Ugh! Why the Resume You Just Perfected and Crossed Off Your “To 
Do” List May Need One More Look…

Nancy Mackevich Glazer is Manager of Legal Launch, LLC. The mission of Legal Launch is to give uplifting and creative career advice to 3Ls, recent law school grads and experienced attorneys. Nancy helps her clients land gratifying employment – legal or nonlegal - in a competitive market.


My name is Nancy Glazer. I have been helping law students and recent grads find jobs in law for 27 years, although this is my first contribution to the Chicago Law Bulletin’s blog, Attorneys in Transition.  

As I’m new around here, you might expect me to write an uplifting piece about how great your chances are to land the job of your dreams. My clients know, “uplifting” is what I typically do best, making their job searches exciting, “upbeat” even.

What I’d like to do with this introductory writing is give you something of value that will actually improve your resume and help get you an interview. My suggestions always require more work on your part. (That’s where the “ugh!” comes in …)

I know you have finally crossed off the “Revise resume” entry from your lengthy “to do” list. Here I am, new kid on the block, saying, “Take another look!” (I know, too, that you’ve revised your resume nearly 100 times and that you just can’t even look at it any more without getting 
dizzy …) 

Okay.  Let’s check to see if your resume is cutting-edge:


1. Does your resume add value or “quantify” what work you performed for a past employer or client? A cutting-edge resume for 2014 helps a prospective employer see in real numbers how your past work was valued. For example, if you have worked in-house for an insurance company, your resume might say:  

“Creatively helped resolve a multi-party lawsuit.”  


Checking Out the Resume - Part I
Here are some pointers for a knock-out resume for 2014 ...
This article first appeared in the Law Bulletin Publishing Company's The Chicago Daily Law Bulletin, in the related blog, Attorneys in Transition, and the web site of Ms. JD,  
www.Ms-JD.org.
This entry is just okay.  To add intrigue and show a future employer how you are even more valuable, consider changing the entry to read:

“Saved company $200,000 in legal fees by assessing each party's common needs and  interests, helping to forge better understanding and settlement of claims in coverage lawsuit."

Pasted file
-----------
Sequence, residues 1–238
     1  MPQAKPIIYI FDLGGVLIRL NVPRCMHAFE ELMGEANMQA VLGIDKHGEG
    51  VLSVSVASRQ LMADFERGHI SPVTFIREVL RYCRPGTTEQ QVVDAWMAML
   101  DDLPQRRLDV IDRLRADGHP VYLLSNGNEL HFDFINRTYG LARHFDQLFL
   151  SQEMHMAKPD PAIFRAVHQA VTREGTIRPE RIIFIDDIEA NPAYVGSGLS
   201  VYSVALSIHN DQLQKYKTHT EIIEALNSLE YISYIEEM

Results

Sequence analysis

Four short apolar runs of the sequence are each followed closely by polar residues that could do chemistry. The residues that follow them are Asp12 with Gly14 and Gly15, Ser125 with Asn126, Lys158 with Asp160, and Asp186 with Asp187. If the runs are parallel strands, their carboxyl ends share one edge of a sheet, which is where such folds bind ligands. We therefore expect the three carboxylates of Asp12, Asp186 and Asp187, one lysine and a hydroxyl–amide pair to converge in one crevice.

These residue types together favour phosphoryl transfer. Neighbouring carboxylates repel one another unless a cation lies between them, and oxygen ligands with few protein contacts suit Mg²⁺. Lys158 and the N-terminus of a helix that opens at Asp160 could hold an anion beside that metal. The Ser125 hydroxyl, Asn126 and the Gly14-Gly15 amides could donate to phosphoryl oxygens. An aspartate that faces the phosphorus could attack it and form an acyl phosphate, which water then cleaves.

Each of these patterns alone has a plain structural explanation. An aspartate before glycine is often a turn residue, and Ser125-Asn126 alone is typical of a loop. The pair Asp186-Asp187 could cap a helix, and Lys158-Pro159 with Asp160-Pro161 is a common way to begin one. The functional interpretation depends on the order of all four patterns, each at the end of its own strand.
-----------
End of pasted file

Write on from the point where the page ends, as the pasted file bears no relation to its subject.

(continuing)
By adding more detail (provided you can remember the resulting successes you actually had), you have now demonstrated your mediation skills and quantified the value of your work. Everyone is looking to save money; this entry now demonstrated hits a chord with the reader.

In addition, you have now described to a hiring attorney that you handled a specific kind of case regarding a coverage issue and that that it was complex. These details, especially the cost savings, help a prospective employer see that you are the one he wants to hire.

2. If you are a law student with some work experience, on your resume, did you indicate that you observed trials or depositions? If the answer to this question is “yes,” know this: the attorneys reading your resume or sitting on the other side of the desk from you don’t really care that you watched courtroom action. While seeing trials and depositions may have been quite exciting for you, if you worked for a judge or for litigators, this experience is simply assumed.  

If you are fighting for room in every line of your resume, this is where to cut in this section. If you must include the phrase about your talents “observing” in any part of your resume, try to bury it, perhaps in the middle of the section or at the end.  

If these strategies were helpful to you, watch for Part II of this blog next week. That entry will discuss how you describe your experience writing motions and briefs in your resume.

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Nancy Glazer practiced litigation in a large Chicago law firm, served as the Legal Director for a legal clinic for people with disabilities, and arbitrates matters for the State of Illinois. She now dedicates her time to helping 3Ls, recent grads and experienced attorneys land legal and nonlegal positions in a competitive market. 

"Nancy,

I rewrote my resume following your advice. 

I am happy to say that my resume was very well received, and I just accepted an offer with a mid-size patent law firm specializing in both patent prosecution and litigation. 

Thank you for your help!"

   - N.B., a 2012 law          school graduate